Hey, Teacher, Teach Those Kids at Home

Paul Vallas:

Ensuring that all schools have the capacity to provide high-quality remote instruction need not be financially prohibitive. Even financially strapped school systems have options. Schools can secure needed curriculum and instructional materials through subscriptions and by using online materials. By leasing the technology, a district can create and maintain a comprehensive, technologically supported instructional system at a fraction of what it would cost to buy laptops and tablets outright. A byproduct of such arrangements is that vendors will often donate used laptops and tablets to the district when the time comes to replace them with newer models, usually about every thee years. With proper maintenance, schools can expand their technology assets at little to no additional cost.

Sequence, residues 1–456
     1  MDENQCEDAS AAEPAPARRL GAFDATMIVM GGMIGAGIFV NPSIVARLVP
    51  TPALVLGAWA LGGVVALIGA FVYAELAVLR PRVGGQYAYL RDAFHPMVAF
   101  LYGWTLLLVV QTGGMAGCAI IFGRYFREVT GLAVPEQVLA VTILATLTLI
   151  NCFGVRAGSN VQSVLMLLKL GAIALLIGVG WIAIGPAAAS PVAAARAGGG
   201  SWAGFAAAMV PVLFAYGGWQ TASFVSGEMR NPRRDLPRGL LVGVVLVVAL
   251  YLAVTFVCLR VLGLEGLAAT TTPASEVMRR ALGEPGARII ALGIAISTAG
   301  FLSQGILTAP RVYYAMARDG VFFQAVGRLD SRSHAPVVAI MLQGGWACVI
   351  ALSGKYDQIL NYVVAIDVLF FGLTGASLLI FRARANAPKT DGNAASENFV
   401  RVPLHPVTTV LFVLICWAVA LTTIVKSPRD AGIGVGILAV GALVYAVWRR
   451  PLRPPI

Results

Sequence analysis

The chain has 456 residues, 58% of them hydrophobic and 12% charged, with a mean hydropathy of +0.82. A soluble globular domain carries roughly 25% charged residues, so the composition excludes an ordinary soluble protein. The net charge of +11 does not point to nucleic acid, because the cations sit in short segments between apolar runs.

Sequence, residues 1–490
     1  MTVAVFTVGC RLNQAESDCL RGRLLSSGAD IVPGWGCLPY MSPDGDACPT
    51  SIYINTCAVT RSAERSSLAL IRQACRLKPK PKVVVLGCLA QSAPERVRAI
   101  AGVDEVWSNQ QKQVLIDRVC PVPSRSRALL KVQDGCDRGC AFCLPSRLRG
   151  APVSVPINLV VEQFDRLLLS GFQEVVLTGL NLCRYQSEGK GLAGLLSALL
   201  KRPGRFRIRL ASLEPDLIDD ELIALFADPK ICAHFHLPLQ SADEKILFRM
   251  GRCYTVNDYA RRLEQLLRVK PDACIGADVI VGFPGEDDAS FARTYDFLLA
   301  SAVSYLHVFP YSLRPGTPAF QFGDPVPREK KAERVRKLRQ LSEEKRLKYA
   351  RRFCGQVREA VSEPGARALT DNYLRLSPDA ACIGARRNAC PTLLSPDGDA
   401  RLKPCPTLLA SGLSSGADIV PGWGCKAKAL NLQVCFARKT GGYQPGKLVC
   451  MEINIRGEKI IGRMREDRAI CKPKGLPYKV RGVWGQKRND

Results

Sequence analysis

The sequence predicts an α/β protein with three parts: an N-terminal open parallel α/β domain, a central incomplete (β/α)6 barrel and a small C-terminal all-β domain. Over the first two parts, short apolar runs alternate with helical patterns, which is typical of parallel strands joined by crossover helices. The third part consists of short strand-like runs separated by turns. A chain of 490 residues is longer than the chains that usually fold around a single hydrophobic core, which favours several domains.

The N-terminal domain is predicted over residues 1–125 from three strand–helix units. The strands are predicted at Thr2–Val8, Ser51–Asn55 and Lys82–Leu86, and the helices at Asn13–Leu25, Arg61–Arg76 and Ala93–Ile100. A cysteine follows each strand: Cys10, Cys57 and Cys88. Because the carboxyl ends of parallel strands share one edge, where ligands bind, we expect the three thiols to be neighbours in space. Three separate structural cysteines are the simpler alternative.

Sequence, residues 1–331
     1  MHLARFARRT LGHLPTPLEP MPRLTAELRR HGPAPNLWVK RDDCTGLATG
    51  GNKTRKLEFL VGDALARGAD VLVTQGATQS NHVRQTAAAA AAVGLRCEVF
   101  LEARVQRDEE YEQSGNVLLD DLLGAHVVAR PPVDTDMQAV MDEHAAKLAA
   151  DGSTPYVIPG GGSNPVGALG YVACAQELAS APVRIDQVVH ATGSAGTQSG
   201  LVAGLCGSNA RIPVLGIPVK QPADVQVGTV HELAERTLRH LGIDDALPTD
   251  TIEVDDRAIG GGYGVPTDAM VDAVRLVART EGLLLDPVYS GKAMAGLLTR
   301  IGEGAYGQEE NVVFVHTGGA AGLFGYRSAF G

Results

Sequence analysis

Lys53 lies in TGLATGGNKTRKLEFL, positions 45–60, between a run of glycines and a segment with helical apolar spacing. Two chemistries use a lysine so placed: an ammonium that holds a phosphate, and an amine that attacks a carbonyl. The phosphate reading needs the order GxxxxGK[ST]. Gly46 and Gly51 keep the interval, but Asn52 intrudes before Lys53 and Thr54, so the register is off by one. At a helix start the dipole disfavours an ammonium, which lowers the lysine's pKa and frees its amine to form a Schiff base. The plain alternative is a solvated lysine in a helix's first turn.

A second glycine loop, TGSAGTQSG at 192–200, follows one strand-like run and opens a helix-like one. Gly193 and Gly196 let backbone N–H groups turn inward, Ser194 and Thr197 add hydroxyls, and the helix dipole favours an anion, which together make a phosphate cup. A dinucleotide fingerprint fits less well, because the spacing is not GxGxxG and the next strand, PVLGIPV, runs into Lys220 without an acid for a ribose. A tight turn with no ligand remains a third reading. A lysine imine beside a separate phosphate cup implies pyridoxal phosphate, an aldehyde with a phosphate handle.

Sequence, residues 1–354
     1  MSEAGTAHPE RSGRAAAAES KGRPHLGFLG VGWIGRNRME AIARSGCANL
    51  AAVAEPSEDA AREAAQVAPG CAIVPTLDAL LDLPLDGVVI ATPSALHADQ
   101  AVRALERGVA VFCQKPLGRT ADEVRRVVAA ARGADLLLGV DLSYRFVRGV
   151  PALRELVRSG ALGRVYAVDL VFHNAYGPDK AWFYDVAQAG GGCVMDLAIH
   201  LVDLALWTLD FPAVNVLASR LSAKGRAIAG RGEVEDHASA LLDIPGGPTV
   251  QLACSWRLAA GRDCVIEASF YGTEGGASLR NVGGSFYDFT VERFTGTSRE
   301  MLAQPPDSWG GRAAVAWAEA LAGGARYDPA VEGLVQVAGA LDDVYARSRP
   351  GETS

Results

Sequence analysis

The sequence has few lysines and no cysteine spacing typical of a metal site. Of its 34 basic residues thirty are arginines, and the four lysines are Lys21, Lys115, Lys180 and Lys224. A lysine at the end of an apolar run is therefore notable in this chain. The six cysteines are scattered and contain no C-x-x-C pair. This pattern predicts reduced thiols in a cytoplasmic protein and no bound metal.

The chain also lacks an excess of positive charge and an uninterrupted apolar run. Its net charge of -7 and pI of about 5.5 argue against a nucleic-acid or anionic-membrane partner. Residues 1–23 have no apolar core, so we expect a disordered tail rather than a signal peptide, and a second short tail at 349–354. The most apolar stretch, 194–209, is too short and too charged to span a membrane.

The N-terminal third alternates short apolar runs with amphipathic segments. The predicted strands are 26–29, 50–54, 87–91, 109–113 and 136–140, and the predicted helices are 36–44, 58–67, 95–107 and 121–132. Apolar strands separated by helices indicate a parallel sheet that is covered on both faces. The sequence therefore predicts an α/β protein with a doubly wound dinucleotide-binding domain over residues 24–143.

Other benefits to remote learning include reducing the cost of transportation and minimizing wear and tear on facilities. By helping maintain and improve student enrollment and average daily attendance, remote learning will help preserve and even increase state and federal education funding, which is often determined by these measures.

Although it’s possible now to teach students remotely, and it may even be desirable in moments like this one, it’s far from optimal. There’s still no substitute for in-person, high-quality teachers. I also don’t mean to minimize the socialization that schools provide. Learning alongside other students is critical to ensuring that young people eventually mature into healthy, engaged and socially adept adults.

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